List of Illustrations Acknowledgments A Note on the Author Abbreviations Preface A Note on the Text Part 1: Early and Student Publications The Wreck of the "Marco Polo" A Western Eden From Prince Albert to P.E. Island The Usual Way Extracts from the Diary of a Second Class Mouse High School Life in Saskatchewan Valedictory "Portia" - A Study "Which Has the Most Patience under the Ordinary Cares and Trials of Life - Man or Woman?" Crooked Answers The Bad Boy of Blanktown School James Henry, Truant A Girl's Place at Dalhousie College To the Editor Part 2: Maud Montgomery, Newspaper Woman A Half-Hour in an Old Cemetery Around the Table Half an Hour with Canadian Mothers Christmas Shopping in Halifax Stores Many Admiring Glances Bestowed upon Graduates Netted Doily Innocent Irreverence Part 3: The Upward Climb to Heights Sublime Two Sides of a Life Story The Alpine Path: The Story of My Career Afterword Notes Bibliography Index
Benjamin Lefebvre, editor of The L.M. Montgomery Library, is director of L.M. Montgomery Online. His publications include an edition of Montgomery's rediscovered final book, The Blythes Are Quoted, and the three-volume critical anthology The L.M. Montgomery Reader, which won the 2016 PROSE Award for Literature from the Association of American Publishers. He lives in Kitchener, Ontario.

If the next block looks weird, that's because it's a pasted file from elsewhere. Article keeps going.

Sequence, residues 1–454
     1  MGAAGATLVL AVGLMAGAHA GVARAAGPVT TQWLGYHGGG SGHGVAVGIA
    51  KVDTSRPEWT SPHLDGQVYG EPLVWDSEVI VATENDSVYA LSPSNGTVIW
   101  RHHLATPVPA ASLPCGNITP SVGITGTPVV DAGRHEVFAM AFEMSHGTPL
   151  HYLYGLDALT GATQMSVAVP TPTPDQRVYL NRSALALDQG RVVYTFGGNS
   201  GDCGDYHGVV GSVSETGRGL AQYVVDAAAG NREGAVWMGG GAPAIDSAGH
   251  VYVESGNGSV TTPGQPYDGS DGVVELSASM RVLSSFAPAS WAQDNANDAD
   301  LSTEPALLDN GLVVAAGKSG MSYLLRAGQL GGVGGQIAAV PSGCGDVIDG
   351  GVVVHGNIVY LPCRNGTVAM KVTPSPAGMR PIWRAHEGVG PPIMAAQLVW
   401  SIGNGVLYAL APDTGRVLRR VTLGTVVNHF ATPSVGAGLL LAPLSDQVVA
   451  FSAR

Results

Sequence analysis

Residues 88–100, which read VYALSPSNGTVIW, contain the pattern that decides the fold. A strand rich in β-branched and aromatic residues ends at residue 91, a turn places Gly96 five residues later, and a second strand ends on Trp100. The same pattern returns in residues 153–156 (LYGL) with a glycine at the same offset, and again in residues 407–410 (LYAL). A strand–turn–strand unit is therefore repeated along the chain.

"In this first volume of 'The L.M. Montgomery Library,' Benjamin
Lefebvre collects and expertly annotates Montgomery's non-fiction
periodical writing, presenting it as a record of her literary
apprenticeship ... The thirty-five instalments of her column
'Around the Table,' signed 'Cynthia,' are enthralling, ... and A
Name for Herself is worth the cover price for these pieces alone."
-- Faye Hammill * Times Literary Supplement *
"Lefebvre, one of the top Montgomery scholars in the world, has painstakingly collected these scattered publications from throughout Montgomery's career to provide a valuable resource ... By including Montgomery's contributions to these publications, many of which were fleeting, Lefebvre enriches our knowledge of the periodical landscape in North America and demonstrates how these magazines and newspapers were important vehicles for women authors in Canada and the United States." -- Jennifer Scott, Victorian Periodicals Review